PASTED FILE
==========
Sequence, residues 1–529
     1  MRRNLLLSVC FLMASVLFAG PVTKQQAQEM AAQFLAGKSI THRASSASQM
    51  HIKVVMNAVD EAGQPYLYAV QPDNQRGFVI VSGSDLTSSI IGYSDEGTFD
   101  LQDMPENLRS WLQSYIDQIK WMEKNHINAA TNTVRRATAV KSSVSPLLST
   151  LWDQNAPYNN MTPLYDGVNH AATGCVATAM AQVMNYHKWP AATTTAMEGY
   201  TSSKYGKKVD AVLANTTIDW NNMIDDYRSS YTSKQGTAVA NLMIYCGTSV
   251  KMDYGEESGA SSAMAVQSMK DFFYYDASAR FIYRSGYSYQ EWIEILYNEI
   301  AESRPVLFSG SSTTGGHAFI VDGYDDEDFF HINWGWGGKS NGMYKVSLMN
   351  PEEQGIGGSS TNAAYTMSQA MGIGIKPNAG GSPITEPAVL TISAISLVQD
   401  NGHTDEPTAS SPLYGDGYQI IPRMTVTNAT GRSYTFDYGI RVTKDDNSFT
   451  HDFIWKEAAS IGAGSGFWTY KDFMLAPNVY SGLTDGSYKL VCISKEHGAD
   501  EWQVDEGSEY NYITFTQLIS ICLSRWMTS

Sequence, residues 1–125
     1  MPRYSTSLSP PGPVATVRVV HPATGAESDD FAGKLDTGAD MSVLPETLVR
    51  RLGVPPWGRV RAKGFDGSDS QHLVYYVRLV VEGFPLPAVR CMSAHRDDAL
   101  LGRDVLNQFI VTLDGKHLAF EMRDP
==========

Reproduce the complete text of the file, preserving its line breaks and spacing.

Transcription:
Sequence, residues 1–529
     1  MRRNLLLSVC FLMASVLFAG PVTKQQAQEM AAQFLAGKSI THRASSASQM
    51  HIKVVMNAVD EAGQPYLYAV QPDNQRGFVI VSGSDLTSSI IGYSDEGTFD
   101  LQDMPENLRS WLQSYIDQIK WMEKNHINAA TNTVRRATAV KSSVSPLLST
   151  LWDQNAPYNN MTPLYDGVNH AATGCVATAM AQVMNYHKWP AATTTAMEGY
   201  TSSKYGKKVD AVLANTTIDW NNMIDDYRSS YTSKQGTAVA NLMIYCGTSV
   251  KMDYGEESGA SSAMAVQSMK DFFYYDASAR FIYRSGYSYQ EWIEILYNEI
   301  AESRPVLFSG SSTTGGHAFI VDGYDDEDFF HINWGWGGKS NGMYKVSLMN
   351  PEEQGIGGSS TNAAYTMSQA MGIGIKPNAG GSPITEPAVL TISAISLVQD
   401  NGHTDEPTAS SPLYGDGYQI IPRMTVTNAT GRSYTFDYGI RVTKDDNSFT
   451  HDFIWKEAAS IGAGSGFWTY KDFMLAPNVY SGLTDGSYKL VCISKEHGAD
   501  EWQVDEGSEY NYITFTQLIS ICLSRWMTS

Sequence, residues 1–125
     1  MPRYSTSLSP PGPVATVRVV HPATGAESDD FAGKLDTGAD MSVLPETLVR
    51  RLGVPPWGRV RAKGFDGSDS QHLVYYVRLV VEGFPLPAVR CMSAHRDDAL
   101  LGRDVLNQFI VTLDGKHLAF EMRDP